How are you surviving the new normal? For B. Misty Wycoff, one of this year's nominees for SLO County Poet Laureate, she's been writing poetry to sort through the complicated experiences related to navigating COVID-19.
After reading her poem "Soy Sauce," you might be reminded of the ongoing resistance to wearing masks in public.
"I think it is hard to be afraid," Wycoff said in an email interview. "It is hard to be afraid for a long time. I'm not sure why some people are defying the order, but mostly, I think we are smack dab in the middle of forgetting how interconnected we all are. John Muir, the great conservationist, said, 'When we try to pick out anything by itself, we find it is hitched to everything else in the universe.' When we forget this, we can act in self-absorbed and careless ways. We're all in this together. Poetry often gives us the links that allow us to feel connected to others."
Her poem "Bandana" takes a lighter look at the mask phenomenon, imagining the fun we could have playing cowboys, but ends with the ominous reminder that what we're dealing with isn't a game.
"I don't think that culturally we're very comfortable with our own mortality," Wycoff explained. "This pandemic is killing people. Everyone is at risk. Yet we are isolated and what we talk about are the numbers, the facts, and not our internal reactions to how our lives have changed. This is where poetry can be very helpful. Writers I know are writing about how we're feeling, coping, and reacting to the stresses. As a community, we have to find ways to tune into those local voices. They amplify, clarify, express, explore, mirror, and ultimately have the ability to soothe us. Those feelings that we resist, persist. If they can find a voice and a witness to that voice, we are calmed and comforted."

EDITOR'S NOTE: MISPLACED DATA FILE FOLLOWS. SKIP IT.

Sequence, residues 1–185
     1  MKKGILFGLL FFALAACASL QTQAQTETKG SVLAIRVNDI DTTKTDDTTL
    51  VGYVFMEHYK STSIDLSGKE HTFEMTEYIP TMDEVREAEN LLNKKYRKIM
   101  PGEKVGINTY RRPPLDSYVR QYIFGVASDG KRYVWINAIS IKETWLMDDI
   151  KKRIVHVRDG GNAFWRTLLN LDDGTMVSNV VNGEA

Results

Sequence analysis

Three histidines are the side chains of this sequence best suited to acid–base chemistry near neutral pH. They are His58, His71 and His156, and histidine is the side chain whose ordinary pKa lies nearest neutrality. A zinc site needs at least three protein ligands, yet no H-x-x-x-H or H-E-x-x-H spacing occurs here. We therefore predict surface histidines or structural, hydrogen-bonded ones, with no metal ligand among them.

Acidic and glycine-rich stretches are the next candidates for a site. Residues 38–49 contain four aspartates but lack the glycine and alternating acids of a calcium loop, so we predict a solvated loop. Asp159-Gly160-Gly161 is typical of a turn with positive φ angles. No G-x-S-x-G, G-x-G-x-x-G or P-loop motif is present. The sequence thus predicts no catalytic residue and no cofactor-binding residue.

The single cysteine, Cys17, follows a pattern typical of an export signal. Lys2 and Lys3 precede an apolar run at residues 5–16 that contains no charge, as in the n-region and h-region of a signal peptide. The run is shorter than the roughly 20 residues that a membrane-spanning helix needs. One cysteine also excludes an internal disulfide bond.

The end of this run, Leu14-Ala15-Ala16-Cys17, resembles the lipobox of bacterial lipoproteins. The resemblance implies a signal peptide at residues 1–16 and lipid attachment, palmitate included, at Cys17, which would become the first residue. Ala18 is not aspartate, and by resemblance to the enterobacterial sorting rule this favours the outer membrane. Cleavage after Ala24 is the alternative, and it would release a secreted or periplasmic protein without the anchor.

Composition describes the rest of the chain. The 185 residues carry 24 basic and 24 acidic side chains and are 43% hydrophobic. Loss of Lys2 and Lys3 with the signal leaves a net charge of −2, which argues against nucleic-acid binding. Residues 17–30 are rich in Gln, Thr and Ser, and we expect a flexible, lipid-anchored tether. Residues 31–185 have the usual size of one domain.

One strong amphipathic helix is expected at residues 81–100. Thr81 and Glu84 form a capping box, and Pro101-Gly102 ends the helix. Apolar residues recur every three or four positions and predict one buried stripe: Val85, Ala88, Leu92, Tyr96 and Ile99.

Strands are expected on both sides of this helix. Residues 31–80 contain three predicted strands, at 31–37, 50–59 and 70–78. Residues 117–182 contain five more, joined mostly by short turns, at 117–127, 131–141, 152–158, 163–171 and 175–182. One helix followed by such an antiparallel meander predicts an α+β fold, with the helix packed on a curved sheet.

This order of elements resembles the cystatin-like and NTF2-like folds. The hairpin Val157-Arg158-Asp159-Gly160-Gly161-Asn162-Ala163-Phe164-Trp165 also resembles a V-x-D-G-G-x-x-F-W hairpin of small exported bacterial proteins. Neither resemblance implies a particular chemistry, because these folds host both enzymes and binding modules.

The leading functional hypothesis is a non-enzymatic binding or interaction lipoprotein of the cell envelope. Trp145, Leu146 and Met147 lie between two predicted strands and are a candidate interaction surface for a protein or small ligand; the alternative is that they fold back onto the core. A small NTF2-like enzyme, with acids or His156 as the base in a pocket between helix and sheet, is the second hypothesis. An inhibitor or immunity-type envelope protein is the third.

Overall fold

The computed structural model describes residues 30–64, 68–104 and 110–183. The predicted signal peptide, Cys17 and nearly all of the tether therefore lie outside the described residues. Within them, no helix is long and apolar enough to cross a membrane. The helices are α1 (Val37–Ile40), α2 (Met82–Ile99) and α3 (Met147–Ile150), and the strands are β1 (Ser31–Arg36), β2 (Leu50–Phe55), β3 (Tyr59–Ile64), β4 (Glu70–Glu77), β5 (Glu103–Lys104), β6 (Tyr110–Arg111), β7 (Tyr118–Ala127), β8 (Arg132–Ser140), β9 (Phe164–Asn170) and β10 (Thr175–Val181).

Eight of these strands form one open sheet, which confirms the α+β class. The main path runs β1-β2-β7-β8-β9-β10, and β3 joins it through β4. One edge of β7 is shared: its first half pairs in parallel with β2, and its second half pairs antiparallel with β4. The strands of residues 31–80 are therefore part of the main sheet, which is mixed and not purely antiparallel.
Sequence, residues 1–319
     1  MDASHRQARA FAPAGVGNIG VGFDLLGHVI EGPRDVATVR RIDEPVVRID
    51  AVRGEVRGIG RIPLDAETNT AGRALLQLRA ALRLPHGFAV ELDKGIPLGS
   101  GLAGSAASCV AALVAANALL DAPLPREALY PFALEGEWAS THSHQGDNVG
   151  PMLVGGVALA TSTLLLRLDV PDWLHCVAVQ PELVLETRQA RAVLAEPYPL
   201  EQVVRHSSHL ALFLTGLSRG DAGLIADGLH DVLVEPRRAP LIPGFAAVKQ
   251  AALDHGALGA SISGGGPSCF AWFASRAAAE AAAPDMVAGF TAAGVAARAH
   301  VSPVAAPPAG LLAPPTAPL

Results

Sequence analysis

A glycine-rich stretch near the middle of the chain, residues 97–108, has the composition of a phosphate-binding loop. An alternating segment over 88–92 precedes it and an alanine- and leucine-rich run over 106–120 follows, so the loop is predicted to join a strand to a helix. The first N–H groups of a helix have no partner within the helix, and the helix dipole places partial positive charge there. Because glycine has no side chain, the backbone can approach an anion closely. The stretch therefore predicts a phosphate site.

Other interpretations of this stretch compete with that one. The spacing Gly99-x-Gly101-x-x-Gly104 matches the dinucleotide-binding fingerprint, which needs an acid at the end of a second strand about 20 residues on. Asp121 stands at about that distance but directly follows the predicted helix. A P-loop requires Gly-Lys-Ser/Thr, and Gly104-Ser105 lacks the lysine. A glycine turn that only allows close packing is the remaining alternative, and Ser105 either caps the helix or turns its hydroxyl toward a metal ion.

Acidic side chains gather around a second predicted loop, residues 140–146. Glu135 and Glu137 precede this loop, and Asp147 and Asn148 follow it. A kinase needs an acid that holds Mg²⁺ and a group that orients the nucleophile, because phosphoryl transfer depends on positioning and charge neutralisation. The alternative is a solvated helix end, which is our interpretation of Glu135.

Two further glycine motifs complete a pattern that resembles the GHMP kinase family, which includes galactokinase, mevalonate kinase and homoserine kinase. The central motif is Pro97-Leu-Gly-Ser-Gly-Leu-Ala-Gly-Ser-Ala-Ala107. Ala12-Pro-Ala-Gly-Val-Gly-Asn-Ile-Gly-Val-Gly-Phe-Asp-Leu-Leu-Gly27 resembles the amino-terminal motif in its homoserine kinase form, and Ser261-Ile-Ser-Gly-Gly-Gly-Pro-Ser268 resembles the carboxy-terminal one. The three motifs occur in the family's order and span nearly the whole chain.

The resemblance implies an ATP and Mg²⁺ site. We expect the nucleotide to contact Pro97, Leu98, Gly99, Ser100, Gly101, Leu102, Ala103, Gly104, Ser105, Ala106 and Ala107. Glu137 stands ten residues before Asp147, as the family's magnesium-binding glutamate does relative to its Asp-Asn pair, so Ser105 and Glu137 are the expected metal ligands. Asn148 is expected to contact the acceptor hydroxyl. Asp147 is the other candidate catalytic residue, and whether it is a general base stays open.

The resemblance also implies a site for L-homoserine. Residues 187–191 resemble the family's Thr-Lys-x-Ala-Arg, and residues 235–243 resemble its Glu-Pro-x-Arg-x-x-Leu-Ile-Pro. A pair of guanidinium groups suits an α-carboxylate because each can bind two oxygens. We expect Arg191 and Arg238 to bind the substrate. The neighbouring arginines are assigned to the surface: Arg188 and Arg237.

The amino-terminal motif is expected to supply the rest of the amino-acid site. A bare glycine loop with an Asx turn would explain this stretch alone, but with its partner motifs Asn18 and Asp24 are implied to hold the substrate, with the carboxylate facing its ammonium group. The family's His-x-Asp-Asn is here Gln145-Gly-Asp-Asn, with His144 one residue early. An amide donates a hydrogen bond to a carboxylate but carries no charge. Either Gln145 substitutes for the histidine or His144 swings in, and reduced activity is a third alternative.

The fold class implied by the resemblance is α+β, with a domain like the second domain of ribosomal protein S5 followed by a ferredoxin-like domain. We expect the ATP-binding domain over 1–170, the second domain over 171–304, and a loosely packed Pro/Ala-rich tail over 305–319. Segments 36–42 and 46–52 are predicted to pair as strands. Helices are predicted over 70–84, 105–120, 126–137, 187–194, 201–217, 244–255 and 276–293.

John F. Kennedy said, "When power corrupts, poetry cleanses, for art establishes the basic human truths which must serve as the touchstones of our judgment." Wycoff's poem "Witness," seems a nod to this idea.
"Art in our community is the beating heart of our society," Wycoff asserted. "David Zinn has said, 'Science is how we solve problems, art is how we cope, which is good because science often takes a long time to solve them.' The arts in general and poets specifically can help us to express or give voice to our terrors and anxieties. The act of dancing, singing, painting, and writing all bring us into focus with our inner life. When we are lucky enough to witness these forms, some inner piece of us can relax and remember that we are not alone. We are not alone."
She encourages you to write your own poem about your experiences: "Read a poem like you are standing in a natural waterfall of words. Read it twice and let the words fall around you. Read it out loud. You do not need to understand every image or word for it to touch you or give you solace. You might write one line, one sentence, every day that expresses your experience. To refine this make it only 10 syllables. At the end of a month, you will have a 30-line poem about your life. Pick the most meaningful moment of the day, or the thing that touched, moved, scared, delighted, inspired, hurt, or made you curious. Share it with one other person. You are not alone."